(Photo credit: Sputnik)
Around 15 members of Syria’s security forces were injured in a blast on 30 January after an explosive device was detonated near their bus as they were returning to the capital on the Damascus-Deraa international highway, local sources told media.
“Fifteen members of the Internal Security Forces were injured in varying degrees when an explosive device [was detonated], targeting their overnight bus near the Khirbet Ghazaleh Bridge on the (Damascus-Deraa) highway,” a source in the southern Deraa governorate’s police force told Russian news outlet Sputnik.
According to the source, some of them sustained serious injuries in the blast, which took place as the bus was returning from the Jaber-Nassif border crossing with Jordan en route to Damascus as part of a shift exchange.
The Deraa police source added that the explosive device was planted in the middle of the road, on the separation line between the two lanes of the Damascus-Deraa highway. The source said that medical teams began treating the injured and transporting them to Izraa National Hospital in the Deraa countryside.
Lately, there has been a surge in militant activity across Syria since the start of the Turkish-Syrian reconciliation process, which the armed opposition – particularly Hayat Tahrir al-Sham (HTS) – has expressed a complete rejection of.
Additionally, militant activity and drug smuggling have risen lately on the border with Jordan, which lies approximately 13 kilometers from Deraa. As a result, Syria will soon be implementing new border control policies in order to curb these activities, which threaten the security of both the governorates of Deraa and Suwayda, as well as the Hashemite kingdom.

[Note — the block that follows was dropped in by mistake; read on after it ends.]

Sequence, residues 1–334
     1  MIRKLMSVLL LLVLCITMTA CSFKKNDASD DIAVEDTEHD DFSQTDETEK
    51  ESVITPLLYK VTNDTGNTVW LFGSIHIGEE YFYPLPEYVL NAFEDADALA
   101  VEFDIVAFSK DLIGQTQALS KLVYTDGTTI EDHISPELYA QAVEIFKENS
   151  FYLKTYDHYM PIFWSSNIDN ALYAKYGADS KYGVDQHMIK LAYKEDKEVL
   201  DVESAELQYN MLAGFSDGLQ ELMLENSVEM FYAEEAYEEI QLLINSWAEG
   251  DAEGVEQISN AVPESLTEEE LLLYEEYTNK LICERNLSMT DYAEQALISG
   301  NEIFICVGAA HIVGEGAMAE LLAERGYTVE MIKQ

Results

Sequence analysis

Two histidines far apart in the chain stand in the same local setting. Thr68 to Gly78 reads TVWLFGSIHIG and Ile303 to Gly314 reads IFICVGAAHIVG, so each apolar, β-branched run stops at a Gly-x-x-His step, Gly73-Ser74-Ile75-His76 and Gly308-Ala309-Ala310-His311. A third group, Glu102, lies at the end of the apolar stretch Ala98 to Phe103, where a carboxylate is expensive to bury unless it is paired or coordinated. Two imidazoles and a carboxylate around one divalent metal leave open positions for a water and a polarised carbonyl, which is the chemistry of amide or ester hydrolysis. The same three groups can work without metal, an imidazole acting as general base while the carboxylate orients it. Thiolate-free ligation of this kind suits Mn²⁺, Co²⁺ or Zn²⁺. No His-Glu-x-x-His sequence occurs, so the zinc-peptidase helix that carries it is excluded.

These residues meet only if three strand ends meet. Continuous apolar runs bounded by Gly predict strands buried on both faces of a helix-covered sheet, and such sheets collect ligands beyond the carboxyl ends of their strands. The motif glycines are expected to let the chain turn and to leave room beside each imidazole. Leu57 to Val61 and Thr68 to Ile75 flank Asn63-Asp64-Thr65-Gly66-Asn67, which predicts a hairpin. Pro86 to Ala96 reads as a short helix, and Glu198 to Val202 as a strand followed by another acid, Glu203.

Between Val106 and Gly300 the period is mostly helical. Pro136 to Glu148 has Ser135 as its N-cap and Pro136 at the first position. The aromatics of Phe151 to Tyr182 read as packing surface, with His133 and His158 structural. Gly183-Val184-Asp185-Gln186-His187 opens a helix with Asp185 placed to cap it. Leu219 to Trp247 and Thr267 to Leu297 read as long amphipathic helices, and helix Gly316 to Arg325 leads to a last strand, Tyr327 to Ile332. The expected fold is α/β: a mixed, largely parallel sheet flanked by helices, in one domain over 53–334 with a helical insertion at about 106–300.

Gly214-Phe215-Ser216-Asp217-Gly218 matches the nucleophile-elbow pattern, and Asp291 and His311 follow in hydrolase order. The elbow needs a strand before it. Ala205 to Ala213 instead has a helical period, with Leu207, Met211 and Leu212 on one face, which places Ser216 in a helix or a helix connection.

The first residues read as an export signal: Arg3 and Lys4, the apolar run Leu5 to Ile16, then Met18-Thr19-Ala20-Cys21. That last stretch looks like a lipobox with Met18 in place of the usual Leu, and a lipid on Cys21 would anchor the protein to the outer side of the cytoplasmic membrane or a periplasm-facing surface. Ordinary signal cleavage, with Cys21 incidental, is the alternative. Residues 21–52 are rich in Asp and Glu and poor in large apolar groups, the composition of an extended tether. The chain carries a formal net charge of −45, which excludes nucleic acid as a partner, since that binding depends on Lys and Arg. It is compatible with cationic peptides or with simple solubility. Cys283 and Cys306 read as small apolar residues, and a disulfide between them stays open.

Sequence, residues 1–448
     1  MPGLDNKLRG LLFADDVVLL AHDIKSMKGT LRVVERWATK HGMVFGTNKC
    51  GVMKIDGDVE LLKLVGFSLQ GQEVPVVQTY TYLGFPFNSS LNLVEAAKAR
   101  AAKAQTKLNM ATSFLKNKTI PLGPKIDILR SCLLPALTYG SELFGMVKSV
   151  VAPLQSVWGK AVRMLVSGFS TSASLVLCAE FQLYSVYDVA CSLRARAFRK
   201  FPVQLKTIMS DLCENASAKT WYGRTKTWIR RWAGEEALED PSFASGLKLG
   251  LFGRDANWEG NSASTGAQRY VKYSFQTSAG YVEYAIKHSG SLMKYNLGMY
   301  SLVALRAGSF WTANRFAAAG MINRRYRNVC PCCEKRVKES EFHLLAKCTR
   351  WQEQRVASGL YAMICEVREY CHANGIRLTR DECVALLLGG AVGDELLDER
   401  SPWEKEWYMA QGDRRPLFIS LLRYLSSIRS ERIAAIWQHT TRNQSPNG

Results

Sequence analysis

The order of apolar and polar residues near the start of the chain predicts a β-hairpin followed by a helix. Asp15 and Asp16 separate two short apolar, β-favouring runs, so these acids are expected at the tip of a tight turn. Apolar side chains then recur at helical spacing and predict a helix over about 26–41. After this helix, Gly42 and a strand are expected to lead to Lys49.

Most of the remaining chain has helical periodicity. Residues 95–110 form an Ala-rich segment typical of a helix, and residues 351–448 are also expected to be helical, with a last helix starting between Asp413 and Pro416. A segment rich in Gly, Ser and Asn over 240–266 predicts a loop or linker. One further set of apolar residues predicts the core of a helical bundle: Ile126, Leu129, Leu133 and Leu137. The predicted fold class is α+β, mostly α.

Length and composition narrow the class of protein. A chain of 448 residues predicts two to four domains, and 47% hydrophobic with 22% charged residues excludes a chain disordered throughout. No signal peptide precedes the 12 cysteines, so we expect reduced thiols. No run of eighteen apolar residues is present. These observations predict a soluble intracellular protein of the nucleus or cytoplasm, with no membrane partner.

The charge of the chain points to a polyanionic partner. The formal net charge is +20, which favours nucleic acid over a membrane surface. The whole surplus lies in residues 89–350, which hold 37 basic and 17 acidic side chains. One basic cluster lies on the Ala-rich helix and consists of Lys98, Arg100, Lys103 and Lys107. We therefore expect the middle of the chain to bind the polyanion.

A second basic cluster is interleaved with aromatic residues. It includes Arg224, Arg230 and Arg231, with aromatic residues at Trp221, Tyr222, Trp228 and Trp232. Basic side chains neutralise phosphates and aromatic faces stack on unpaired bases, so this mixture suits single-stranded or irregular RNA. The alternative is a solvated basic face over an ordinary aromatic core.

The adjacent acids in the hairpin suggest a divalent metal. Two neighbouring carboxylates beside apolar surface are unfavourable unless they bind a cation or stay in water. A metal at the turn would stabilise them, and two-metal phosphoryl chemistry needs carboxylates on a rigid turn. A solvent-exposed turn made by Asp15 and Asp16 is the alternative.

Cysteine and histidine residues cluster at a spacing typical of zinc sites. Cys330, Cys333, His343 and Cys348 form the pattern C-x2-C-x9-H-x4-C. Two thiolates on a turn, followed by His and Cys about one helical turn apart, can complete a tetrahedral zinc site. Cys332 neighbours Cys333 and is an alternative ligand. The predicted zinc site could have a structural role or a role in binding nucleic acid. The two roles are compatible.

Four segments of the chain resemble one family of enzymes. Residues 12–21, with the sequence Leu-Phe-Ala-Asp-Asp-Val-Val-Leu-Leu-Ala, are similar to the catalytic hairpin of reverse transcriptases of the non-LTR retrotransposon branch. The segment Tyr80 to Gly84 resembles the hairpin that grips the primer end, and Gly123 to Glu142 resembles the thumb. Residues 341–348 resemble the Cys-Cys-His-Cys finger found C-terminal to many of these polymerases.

In August 2021, the strategic Jaber-Nassif border crossing between Jordan and Syria was reopened, followed by a resumption of friendly ties between Amman and Damascus after years of enmity and the former’s involvement in fueling the war.
Over the course of that month, however, Deraa witnessed intense clashes between Syrian government forces and extremist militants, resulting in the reclosure of the Jaber-Nassif crossing, which represents a major lifeline to Jordanian economic interests.
Some analysts suggested at the time that there was a link between the resumption of fighting in Deraa and the opening of the border crossing with Jordan, which in other words, means that militants may have been encouraged to increase escalation in that area as an attempt to compromise positive relations – particularly economically – between Amman and Damascus.
On 28 February 2022, Syrian security officer Maher al-Wassouf – who was in charge of the Jaber-Nassif border crossing – was assassinated in Deraa as part of a string of killings that year which mainly targeted those who were involved in the Russian-sponsored reconciliation program.